Confidence increased in second half of the month
PRINCETON, NJ -- Consumer confidence for the month of September improved modestly over August, with most of the gains coming in the last half of the month. Overall, Gallup's Consumer Confidence Index for September was at -23, an improvement over August's -25 reading, and the most positive monthly average since Gallup Daily tracking began in January 2008.
Gallup's Consumer Confidence Index is based on interviews with 500 randomly selected Americans each day, for a total of approximately 15,000 interviews each month. The fact that the interviews are spread evenly over the month provides an accurate assessment of consumer attitudes for the entire monthly period, and allows for the analysis of trends as the month progresses.
A key finding in September is that consumer confidence gained for the most part in the second half of the month, although there was a drop-off in the last three days of the month, Sept. 28-30.
The average confidence reading for Sept. 1-15 was -25, compared to a more positive -22 for the second half of September (despite the more negative readings in the last three days of the month). The last half of September was also more positive than the August average of -25.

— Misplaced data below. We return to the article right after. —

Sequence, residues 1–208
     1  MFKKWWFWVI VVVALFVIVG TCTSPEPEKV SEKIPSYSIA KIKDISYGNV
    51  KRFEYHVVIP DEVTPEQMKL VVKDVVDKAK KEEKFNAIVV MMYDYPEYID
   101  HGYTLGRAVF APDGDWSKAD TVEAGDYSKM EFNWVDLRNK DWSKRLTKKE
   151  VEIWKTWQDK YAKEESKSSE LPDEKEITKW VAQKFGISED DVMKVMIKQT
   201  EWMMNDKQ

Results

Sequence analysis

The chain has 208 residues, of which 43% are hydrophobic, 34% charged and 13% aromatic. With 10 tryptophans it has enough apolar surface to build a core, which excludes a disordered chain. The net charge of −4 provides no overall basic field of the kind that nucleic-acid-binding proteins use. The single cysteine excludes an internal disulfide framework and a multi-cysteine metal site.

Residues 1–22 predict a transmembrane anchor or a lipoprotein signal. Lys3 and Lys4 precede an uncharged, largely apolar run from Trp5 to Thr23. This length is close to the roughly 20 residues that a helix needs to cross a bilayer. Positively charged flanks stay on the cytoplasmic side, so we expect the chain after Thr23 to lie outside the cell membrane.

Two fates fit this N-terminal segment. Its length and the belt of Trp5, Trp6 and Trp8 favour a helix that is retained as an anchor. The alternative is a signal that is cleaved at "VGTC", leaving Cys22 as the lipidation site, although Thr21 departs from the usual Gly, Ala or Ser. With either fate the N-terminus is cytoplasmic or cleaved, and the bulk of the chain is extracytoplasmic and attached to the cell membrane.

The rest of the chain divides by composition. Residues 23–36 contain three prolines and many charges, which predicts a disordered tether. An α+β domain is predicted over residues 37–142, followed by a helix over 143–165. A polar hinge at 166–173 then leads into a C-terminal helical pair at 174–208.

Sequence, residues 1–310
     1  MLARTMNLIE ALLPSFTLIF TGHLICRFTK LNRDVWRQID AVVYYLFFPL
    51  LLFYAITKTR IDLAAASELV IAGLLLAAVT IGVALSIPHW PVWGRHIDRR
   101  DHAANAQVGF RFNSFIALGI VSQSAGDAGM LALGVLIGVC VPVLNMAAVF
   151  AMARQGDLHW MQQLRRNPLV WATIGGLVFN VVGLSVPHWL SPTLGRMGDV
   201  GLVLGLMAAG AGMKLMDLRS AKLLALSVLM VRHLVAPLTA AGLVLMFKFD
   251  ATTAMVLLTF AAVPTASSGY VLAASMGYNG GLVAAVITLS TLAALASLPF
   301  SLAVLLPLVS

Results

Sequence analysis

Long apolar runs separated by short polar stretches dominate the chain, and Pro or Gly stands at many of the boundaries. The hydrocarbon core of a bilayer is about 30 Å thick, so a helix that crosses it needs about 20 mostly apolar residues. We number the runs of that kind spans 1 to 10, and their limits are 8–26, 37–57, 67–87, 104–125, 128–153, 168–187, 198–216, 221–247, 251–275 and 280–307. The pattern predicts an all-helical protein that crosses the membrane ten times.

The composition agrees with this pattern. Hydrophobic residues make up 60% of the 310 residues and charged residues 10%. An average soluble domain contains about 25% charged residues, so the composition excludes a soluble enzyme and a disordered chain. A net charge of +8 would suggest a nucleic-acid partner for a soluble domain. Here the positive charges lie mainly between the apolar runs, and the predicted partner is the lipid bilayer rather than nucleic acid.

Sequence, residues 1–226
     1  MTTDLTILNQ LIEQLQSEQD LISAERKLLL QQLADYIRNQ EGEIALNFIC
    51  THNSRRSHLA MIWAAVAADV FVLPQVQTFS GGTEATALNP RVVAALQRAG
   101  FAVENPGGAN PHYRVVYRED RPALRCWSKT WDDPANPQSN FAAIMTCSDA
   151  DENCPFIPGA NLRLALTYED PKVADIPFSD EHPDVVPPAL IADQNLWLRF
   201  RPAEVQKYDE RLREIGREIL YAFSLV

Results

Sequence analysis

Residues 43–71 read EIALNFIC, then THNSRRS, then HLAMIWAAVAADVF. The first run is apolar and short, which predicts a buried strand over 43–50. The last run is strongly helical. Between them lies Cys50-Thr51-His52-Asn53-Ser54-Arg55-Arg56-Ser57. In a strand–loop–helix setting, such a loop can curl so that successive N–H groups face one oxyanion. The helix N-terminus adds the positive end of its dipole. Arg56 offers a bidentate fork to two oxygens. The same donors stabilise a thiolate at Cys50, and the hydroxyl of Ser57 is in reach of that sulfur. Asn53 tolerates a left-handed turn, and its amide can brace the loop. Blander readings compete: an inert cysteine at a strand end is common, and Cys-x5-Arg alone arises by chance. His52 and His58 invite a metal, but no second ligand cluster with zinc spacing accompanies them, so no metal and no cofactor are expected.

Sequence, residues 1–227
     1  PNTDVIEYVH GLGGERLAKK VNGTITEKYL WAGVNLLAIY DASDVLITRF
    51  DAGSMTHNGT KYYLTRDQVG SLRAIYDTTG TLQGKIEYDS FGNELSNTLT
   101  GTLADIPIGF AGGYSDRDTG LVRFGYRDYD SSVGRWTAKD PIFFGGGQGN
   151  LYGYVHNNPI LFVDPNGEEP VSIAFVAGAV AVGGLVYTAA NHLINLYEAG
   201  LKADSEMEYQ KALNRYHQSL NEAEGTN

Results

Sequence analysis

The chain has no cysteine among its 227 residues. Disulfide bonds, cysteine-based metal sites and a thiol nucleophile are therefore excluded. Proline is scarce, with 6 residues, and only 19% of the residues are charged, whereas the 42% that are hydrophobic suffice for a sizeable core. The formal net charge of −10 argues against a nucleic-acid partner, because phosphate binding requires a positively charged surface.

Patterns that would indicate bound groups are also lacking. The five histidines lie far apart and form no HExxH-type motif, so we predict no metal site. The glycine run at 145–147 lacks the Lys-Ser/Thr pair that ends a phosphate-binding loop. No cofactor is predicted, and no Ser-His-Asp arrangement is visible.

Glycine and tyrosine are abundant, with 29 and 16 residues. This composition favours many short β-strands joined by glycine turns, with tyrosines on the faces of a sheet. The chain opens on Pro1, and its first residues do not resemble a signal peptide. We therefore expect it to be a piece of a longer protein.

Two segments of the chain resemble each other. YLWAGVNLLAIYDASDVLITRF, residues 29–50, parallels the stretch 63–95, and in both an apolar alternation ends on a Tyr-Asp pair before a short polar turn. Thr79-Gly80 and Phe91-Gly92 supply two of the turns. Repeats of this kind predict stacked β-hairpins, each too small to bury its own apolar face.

The finding that September represented a slight increase in consumer confidence over August contrasts with reports from the Conference Board that consumer confidence for September was down slightly from the previous month (53.1 in September, compared to 54.5 in August).
On the other hand, the Reuters/University of Michigan Consumer Sentiment Index was more positive in September (73.5) than it was in August (65.7).
According to the Conference Board, its September numbers, released Sept. 29, were based on mail surveys received through Sept. 22, and it is likely that many of these were filled out in the first part of the month.
Therefore, the Conference Board figures tend to reflect attitudes as they existed in the first part of September, and Gallup's continuous tracking shows that consumer attitudes at that time were indeed more negative than they were later in the month.
As noted in Tuesday's weekly update on consumer confidence, the improved picture of consumer confidence has not yet translated into a sustained increase in consumer spending, nor does it reflect a sustained uptick in the jobs situation.
Results are based on telephone interviews with 13,744 national adults, aged 18 and older, conducted Sept. 1-30, 2009, as part of Gallup Daily tracking. For results based on the total sample of national adults, one can say with 95% confidence that the maximum margin of sampling error is ±1 percentage point.
Interviews are conducted with respondents on land-line telephones and cellular phones.
In addition to sampling error, question wording and practical difficulties in conducting surveys can introduce error or bias into the findings of public opinion polls.